submitted by Betty Lou Trimmer Bahnsen
Communities in Bloom Co-Chair
At the BC Communities in Bloom Conference held in Hope BC on September 24 – 26, Oliver was awarded “Four out of Five Blooms”, recognizing a year of intensive landscaping and cleanup across the district. This is an astounding feat, as this is only Oliver’s first of two years in the provincial Communities in Bloom programme. This date also marks the anniversary of the idea to have Oliver participate in Communities in Bloom. What a way to commemorate a years work with four lovely Blooms!
The Oliver Community Arts Council is basking in the reflected glow. The arts council was asked by the Communities in Bloom (CIB) committee to provide some motivation and excitement among Oliver residents by organizing a competition to boost interest in the CIB programme. In the spring of 2010, the OCAC’s “Best Bloomin’ Garden Contest” was off and running. A small group of arts council members solicited sponsors, organized several categories for the competition, determined criteria for each award category, arranged for judging by the Oliver Heirloom Garden Club, and designed and presented the awards. Thanks to Best Bloomin’ Garden Contest chair Penny Ruddy, and committee Stephanie Salsnek, Brian and Jennifer Mapplebeck, and Dot Cranston for their hard work! Thanks to John Salsnek and Linda Blaschuk for designing the charming trophy. Although we were only a part of the overall cleanup efforts across the municipality and regional district, the OCAC-sponsored contest got competitive juices flowing, and gave incentive to residents and businesses to get involved.
Initially, the Oliver Communities in Bloom committee had planned to be in the non-competitive category in the first year thus, using the opportunity of the judges’ visit and evaluation to learn and to build on their adjudication for the following year, at which time Oliver would enter into the competitive category. However, at the final meeting with the judges during their July 2010 visit to Oliver, it was the judges’ suggestion that we upgrade to the competitive category. They indicated that the community had done very well and would gain more public recognition with an award, in addition to reaping the benefits of an evaluation. The Oliver Communities in Bloom committee followed the judges’ advice — with full awareness that most communities take several years to attain the full Five Blooms. It therefore came as a complete surprise that Oliver was acclaimed with Four Blooms after only one year.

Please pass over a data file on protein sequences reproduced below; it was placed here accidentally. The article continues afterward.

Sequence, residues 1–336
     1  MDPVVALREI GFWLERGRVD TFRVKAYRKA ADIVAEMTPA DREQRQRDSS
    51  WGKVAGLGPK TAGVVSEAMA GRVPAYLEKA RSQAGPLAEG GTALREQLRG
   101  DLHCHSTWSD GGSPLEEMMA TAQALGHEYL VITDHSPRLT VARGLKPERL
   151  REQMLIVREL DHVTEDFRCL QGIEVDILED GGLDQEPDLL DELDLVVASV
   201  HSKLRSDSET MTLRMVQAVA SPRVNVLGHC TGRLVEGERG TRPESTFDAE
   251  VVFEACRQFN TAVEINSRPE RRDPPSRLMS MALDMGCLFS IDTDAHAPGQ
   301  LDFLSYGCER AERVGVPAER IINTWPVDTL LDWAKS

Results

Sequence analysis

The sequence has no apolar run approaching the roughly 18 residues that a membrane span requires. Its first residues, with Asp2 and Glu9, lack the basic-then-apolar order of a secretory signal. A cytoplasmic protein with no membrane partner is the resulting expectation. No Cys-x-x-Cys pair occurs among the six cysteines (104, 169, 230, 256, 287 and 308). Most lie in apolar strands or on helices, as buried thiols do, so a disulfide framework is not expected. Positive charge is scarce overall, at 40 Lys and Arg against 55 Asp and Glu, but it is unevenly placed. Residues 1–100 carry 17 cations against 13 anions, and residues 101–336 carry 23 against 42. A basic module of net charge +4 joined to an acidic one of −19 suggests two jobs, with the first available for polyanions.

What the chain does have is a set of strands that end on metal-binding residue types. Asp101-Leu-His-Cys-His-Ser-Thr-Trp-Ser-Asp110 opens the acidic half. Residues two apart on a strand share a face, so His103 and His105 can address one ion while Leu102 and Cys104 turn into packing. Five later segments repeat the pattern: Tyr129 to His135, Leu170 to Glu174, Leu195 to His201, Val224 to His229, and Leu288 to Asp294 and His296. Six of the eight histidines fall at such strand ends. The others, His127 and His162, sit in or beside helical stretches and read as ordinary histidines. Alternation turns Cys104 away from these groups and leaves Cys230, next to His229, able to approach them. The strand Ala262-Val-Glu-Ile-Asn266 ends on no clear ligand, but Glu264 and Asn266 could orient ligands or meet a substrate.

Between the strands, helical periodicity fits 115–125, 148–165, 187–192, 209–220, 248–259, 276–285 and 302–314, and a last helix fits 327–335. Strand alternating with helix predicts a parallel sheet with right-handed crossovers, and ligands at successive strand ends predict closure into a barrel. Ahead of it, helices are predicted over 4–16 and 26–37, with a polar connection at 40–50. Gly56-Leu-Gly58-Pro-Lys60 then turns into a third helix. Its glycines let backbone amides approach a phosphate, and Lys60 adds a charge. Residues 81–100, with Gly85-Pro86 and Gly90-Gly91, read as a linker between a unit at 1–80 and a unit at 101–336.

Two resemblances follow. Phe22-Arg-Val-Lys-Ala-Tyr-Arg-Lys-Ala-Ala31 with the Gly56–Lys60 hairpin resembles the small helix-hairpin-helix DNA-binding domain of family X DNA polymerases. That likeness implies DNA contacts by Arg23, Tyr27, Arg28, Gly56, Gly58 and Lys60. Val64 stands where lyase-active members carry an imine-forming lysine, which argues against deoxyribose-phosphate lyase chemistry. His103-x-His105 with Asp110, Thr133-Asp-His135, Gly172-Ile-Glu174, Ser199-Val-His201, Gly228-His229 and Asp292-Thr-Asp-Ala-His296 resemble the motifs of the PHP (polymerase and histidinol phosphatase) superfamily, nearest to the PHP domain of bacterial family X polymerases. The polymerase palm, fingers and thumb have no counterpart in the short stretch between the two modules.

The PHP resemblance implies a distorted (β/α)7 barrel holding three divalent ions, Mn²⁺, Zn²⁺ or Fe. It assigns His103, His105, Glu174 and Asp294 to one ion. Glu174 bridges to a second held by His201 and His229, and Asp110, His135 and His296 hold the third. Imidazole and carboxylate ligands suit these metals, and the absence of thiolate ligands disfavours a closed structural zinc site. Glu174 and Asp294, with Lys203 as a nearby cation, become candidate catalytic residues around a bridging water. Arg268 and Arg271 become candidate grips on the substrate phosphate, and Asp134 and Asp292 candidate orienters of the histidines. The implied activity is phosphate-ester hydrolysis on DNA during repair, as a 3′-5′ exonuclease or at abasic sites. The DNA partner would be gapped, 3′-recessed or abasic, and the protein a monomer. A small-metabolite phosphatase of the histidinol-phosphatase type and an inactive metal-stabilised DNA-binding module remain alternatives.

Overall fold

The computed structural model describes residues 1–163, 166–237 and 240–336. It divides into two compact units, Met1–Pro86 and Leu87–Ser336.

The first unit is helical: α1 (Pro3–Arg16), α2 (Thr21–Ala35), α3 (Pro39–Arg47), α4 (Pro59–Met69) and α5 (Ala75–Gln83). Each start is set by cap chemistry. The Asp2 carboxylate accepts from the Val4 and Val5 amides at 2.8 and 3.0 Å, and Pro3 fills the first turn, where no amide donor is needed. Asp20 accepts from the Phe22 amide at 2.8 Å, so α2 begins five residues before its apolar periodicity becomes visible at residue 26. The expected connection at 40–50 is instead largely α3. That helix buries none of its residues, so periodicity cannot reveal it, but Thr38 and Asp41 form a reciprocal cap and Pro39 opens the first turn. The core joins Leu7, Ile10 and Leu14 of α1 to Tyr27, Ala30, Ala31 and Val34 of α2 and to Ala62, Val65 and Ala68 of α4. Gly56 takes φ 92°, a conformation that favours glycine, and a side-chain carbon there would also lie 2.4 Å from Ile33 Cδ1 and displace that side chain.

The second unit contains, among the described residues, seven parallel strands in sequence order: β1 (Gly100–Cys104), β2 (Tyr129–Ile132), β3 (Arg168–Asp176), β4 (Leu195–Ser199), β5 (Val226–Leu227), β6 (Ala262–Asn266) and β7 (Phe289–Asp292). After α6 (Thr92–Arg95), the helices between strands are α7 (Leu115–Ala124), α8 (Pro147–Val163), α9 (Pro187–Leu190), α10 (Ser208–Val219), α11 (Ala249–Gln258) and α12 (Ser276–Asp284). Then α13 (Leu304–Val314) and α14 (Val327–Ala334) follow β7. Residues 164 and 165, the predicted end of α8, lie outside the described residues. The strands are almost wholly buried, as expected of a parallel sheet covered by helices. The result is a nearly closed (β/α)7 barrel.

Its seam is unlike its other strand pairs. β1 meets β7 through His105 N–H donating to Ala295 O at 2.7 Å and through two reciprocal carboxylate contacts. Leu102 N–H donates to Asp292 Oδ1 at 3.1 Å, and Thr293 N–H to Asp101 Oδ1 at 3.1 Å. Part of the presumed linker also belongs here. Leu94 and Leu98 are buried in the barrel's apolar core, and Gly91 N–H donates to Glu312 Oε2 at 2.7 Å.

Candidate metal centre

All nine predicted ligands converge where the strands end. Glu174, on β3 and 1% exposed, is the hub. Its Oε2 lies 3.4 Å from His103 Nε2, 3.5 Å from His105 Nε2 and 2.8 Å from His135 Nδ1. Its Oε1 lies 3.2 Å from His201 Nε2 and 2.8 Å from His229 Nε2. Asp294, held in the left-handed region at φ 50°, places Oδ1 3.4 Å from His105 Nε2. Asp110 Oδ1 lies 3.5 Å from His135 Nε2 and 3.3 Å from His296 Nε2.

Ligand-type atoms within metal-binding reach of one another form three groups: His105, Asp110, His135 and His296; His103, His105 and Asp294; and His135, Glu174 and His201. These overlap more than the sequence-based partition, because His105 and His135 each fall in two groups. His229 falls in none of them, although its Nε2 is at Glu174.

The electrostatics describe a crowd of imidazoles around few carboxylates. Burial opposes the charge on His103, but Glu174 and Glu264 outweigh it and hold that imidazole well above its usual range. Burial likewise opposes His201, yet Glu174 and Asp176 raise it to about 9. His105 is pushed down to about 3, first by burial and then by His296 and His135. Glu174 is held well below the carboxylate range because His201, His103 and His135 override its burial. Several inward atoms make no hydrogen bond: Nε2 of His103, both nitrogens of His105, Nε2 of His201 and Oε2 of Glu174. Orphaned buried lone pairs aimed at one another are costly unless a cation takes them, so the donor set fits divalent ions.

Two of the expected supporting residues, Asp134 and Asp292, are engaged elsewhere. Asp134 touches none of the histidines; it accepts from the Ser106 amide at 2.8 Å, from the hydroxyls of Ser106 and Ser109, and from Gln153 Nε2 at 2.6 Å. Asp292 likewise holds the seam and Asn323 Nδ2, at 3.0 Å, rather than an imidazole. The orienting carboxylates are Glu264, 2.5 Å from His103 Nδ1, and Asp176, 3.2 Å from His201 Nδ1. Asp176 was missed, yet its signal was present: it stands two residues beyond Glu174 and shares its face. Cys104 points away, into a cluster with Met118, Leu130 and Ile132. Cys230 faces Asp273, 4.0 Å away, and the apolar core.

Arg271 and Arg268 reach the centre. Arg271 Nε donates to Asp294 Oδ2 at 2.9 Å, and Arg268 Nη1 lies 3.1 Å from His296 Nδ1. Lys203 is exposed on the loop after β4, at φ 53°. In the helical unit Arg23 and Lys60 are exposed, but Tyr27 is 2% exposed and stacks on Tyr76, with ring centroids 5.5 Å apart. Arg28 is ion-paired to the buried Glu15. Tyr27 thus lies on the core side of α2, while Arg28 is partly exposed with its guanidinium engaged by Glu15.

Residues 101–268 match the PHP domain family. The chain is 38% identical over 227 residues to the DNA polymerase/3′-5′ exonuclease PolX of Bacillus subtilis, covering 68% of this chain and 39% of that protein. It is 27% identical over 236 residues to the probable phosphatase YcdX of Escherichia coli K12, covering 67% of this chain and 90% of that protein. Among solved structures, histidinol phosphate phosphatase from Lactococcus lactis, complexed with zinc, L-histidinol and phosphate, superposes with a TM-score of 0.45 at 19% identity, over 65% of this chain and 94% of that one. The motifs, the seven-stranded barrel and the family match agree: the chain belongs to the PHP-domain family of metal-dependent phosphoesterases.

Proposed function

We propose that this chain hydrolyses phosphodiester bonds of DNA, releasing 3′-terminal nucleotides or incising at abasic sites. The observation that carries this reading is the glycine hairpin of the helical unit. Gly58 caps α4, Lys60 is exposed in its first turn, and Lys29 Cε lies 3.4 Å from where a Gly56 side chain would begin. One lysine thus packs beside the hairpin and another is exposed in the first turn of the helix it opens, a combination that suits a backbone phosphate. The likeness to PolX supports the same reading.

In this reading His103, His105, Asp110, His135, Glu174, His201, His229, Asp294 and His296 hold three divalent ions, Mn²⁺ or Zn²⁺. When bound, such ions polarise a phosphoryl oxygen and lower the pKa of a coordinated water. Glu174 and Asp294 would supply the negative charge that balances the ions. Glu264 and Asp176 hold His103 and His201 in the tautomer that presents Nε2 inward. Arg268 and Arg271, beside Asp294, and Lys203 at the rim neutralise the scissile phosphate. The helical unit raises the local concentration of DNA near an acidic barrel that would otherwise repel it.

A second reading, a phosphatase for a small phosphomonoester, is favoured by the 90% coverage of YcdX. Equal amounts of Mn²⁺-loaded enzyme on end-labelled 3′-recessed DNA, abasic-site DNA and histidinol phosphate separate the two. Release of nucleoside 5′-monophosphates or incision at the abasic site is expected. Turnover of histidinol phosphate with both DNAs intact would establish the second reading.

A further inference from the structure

The achievement of the “Four Bloom” status and the community pride associated with this award could not have taken place without the total involvement of the Oliver community. We are thank ful for the support of individual participants , our many partners and sponsors, the local politicians (Town and Area C), the business community who gave so generously in kind, the Osoyoos Indian Band, the Bahvsagar Sikh Temple Council, the many service and cultural groups, the media, the untiring efforts of the special employees of the Town of Oliver administrative staff and Public Works, together with the happy band of Oliver Communities in Bloom volunteers which brought about this great result.
OLIVER, WE ARE A BLOOMIN’ GOOD COMMUNITY!
Photo Credit: Patrick Reid
Want more information about the Communities in Bloom program? Here are some excerpts from the provincial CIB website (http://www.bccommunitiesinbloom.ca/)
All participating communities in either the national or provincial contests receive a rating of one to five ‘blooms’. All participants are promoted within BC and nationally, and are invited to attend the provincial Awards Ceremony which takes place in the fall, hosted by a different community each year. A top five bloom rating may result in an invitation to participate in the following year’s national program.
In addition to their rating, each BC CiB participant receives a comprehensive report, prepared by the judges (all qualified and experienced horticulturalists and specialists). This report reviews the particular features and projects in each of the eight criteria areas that the community has undertaken and presented. These criteria include tidiness, environmental awareness, community involvement, natural and cultural heritage conservation, tree/urban forest management, landscaped areas, floral displays, turf and groundcover. The judges offer constructive hints and recommendations for the following year.
Of course, all participants are winners with respect to increased civic pride, preservation of natural and architectural heritage, economic development, ehanced property values, decreased vandalism, improved environmental awareness, business development, increased tourism appeal, corporate relocations, new development, investment and general economic activity based on being more attractive, liveable communities!